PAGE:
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"Walk The Talk"- Advocacy Groups Demand To MPs

23 March 2005

"Walk The Talk"- Advocacy Groups Demand To MPs

Disabled peoples advocacy groups are appalled that the Social Services Select Committee were "unable to reach agreement" and commend a Bill to the House. This Bill will repeal a 1960 Act that allows disabled peoples' employment rights to be exploited.

DPA, CCS, People First and IHC are calling on all Members of Parliament to walk the talk and support the Bill repealing the Disabled Persons Employment Promotion Act when it is voted on in the House.

"New Zealand has a Disability Strategy, human rights legislation and a proud international reputation as a society that values all people" says Gary Williams, DPA CEO and past sheltered workshop worker. "Disabled people want the Act repealed, so if MPs don't support what disabled people want, it's a complete contradiction of all the rhetoric".

This country has a leading role in the development of a UN Convention on Disability, and if we don't pass the repeal Bill, NZ's hypocrisy will be highlighted to the international community" he continues.

Repealing this Act is only part of a wider policy direction "Pathways to Inclusion" which emphases new opportunities for life long learning, more participation for people in their own communities and more opportunities for work in regular employment. Pathways to Inclusion is in its third year of a five year phase in period with many exciting changes already occurring.

This policy was designed after the Department of Labour Review of Vocational Services back in 2000 where many people were consulted. Cindy Johns, an advocate working for IHC, recalls; "During the review of vocational services we facilitated several small groups of people with intellectual disabilities to make their own submissions about how they thought vocational services should be. Comments such as 'real work for real pay' were common along with 'more choice of activities' and we think the government listened to the submissions at that time at responded appropriately. We expect people to get a better deal from vocational service providers in the future."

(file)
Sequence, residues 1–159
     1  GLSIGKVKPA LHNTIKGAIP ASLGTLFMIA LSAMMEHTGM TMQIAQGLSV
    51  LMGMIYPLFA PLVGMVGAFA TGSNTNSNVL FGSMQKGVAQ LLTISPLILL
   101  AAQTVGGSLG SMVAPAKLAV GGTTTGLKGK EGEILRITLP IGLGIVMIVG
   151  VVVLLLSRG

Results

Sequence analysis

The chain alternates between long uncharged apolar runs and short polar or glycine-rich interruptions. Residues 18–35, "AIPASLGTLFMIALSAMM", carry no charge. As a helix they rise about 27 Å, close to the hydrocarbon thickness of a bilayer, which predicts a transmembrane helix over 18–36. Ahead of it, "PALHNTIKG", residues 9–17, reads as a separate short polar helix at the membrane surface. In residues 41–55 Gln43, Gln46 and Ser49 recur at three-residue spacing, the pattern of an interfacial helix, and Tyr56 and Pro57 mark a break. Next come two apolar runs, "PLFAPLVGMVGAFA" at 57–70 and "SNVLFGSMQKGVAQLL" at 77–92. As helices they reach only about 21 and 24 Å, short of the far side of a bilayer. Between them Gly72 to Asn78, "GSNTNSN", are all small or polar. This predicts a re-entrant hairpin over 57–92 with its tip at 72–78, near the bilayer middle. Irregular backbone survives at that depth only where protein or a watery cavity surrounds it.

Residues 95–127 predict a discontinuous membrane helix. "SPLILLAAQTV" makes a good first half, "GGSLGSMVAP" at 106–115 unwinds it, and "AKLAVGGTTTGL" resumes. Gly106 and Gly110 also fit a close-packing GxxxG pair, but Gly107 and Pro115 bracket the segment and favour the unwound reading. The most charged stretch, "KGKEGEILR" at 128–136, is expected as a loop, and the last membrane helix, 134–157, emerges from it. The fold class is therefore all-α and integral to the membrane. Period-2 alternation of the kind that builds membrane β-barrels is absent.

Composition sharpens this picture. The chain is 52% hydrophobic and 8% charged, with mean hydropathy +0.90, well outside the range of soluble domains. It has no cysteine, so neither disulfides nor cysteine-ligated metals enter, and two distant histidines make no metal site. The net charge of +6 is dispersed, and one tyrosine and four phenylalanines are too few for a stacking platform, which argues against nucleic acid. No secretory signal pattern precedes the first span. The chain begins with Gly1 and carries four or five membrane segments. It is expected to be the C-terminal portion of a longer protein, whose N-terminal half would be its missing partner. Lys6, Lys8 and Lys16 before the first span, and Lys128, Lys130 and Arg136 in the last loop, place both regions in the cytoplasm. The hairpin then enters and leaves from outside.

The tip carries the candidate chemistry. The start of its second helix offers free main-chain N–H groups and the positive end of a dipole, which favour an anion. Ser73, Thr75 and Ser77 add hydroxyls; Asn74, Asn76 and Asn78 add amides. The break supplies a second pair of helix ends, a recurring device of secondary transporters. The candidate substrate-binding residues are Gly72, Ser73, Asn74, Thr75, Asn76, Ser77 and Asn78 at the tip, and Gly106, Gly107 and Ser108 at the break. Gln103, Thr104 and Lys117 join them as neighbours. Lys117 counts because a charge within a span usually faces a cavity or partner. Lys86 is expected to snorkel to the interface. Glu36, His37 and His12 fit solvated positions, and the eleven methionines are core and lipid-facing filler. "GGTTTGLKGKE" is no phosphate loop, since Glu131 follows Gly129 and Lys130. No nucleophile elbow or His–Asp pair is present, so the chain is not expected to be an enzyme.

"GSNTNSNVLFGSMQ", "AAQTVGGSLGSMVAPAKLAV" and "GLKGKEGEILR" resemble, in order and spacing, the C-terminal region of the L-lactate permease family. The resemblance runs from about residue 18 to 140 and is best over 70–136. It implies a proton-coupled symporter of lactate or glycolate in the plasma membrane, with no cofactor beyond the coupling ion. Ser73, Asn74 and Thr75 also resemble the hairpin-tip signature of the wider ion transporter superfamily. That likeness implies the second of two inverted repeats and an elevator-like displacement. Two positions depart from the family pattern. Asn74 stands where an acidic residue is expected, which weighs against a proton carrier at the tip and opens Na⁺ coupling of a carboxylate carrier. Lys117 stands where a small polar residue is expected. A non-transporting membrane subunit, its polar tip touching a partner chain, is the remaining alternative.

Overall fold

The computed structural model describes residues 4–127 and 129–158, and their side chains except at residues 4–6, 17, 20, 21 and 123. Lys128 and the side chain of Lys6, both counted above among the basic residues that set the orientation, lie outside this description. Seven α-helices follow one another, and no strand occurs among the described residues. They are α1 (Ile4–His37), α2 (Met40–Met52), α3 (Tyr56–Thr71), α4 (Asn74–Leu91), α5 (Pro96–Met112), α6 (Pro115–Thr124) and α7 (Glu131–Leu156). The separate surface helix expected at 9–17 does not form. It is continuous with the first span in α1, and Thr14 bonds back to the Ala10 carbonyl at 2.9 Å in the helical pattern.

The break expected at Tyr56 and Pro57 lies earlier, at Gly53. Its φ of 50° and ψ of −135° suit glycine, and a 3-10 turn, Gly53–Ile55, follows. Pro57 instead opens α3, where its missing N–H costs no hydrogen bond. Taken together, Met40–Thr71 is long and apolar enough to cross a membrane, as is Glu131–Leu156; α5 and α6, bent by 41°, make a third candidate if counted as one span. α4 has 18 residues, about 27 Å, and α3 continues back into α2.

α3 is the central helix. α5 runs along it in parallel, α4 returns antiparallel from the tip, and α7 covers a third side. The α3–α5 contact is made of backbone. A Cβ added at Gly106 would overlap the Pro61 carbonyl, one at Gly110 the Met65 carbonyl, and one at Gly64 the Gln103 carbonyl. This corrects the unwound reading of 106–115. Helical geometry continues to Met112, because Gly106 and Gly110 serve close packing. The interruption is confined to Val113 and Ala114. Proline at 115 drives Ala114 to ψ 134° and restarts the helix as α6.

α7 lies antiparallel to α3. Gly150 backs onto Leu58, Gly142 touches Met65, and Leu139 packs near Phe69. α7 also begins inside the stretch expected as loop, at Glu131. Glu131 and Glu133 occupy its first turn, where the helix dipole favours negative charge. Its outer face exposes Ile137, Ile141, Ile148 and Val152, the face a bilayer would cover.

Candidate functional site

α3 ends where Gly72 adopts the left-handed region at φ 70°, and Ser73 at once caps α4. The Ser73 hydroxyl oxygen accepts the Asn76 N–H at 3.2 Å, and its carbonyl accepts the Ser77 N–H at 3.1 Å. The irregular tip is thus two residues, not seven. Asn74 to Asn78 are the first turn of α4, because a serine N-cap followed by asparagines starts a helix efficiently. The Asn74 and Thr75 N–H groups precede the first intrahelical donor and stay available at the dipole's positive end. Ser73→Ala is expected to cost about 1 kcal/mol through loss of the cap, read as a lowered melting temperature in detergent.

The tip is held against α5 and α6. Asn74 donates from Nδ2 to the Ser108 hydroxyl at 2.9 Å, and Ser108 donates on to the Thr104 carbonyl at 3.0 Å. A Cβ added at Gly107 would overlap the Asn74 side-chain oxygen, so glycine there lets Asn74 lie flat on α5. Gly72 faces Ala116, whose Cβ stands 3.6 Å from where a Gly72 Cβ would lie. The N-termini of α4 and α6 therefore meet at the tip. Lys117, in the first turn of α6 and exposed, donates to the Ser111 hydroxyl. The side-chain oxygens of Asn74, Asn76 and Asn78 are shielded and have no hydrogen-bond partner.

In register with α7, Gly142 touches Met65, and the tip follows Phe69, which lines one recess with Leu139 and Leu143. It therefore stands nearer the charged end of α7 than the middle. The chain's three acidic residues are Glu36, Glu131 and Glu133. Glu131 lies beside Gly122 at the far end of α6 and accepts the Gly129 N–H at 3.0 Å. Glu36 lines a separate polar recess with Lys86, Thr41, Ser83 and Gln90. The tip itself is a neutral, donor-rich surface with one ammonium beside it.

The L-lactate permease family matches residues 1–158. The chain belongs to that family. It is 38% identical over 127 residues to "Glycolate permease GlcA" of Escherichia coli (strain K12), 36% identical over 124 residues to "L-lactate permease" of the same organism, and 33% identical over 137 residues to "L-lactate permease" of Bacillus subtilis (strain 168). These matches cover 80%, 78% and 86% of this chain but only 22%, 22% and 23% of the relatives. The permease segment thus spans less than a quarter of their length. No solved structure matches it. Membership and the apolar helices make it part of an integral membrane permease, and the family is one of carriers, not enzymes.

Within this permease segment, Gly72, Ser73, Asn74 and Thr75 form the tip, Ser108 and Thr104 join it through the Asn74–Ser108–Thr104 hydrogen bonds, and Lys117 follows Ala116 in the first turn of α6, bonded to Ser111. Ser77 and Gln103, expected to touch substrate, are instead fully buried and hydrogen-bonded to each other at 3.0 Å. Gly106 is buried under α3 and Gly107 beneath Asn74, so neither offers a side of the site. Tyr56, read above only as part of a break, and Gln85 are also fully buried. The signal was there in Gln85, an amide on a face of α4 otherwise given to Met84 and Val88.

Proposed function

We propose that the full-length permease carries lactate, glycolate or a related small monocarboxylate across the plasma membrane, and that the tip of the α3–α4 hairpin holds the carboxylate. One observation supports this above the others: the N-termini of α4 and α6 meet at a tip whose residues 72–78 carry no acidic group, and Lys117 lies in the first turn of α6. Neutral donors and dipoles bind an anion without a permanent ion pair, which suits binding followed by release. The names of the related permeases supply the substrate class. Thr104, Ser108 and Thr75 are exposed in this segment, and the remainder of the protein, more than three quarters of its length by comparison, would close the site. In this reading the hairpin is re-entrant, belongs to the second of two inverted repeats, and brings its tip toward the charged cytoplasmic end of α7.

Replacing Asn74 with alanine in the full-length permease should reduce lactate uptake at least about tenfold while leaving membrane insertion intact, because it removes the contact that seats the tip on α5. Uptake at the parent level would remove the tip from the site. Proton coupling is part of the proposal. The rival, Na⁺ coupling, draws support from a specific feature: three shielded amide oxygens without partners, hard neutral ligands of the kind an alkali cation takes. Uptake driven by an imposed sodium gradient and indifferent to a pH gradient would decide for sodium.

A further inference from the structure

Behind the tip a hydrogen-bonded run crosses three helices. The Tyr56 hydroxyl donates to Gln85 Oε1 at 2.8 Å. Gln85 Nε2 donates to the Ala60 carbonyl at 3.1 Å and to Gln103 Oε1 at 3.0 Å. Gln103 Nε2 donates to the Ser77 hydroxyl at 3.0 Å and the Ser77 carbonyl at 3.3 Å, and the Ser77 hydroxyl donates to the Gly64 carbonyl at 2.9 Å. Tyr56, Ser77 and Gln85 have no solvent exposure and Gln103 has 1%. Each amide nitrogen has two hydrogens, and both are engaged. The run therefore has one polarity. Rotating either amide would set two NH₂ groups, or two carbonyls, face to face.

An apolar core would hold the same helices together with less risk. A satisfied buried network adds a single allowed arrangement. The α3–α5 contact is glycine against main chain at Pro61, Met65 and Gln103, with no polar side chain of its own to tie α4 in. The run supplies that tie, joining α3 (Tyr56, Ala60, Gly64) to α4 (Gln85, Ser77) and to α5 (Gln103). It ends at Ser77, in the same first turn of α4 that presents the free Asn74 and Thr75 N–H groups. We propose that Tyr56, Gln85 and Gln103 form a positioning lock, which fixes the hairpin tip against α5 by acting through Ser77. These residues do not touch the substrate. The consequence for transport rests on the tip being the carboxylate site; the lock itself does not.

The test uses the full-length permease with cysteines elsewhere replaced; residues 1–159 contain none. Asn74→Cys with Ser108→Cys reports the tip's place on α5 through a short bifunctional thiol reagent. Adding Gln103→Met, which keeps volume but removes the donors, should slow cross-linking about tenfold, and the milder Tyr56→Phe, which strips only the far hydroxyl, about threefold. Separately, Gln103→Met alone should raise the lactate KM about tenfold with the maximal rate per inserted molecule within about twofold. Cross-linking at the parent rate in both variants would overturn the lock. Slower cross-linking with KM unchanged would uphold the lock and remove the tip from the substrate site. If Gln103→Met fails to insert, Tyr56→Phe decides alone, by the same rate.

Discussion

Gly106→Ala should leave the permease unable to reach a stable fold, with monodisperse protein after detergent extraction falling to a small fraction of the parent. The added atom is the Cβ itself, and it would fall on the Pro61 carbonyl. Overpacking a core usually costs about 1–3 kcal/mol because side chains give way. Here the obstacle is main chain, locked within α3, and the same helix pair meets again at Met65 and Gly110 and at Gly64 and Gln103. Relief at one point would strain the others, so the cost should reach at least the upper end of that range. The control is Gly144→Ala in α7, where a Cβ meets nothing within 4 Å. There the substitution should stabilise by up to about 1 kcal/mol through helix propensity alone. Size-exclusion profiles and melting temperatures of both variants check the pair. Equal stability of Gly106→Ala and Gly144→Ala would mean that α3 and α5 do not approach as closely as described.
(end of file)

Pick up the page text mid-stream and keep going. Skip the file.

Advocacy groups welcome the new policy direction and see it as well overdue.

Some sheltered workshops are creating fear amongst disabled people and their families stating they will no longer exist. Existing sheltered workshops have had over two years to start planning for changes and will have the option of applying for an exemption to the minium wage for people on an individual basis. This will mean a much fairer system than the current Act allows for, with its blanket exemption of all employment rights to people just because they have an impairment.

DPA, CCS , People First and IHC urge all Members of Parliament to consider the human rights implications of not passing the Bill to repeal this Act and urge some MPs to stop using disabled people as political pawns in this election year.

ENDS



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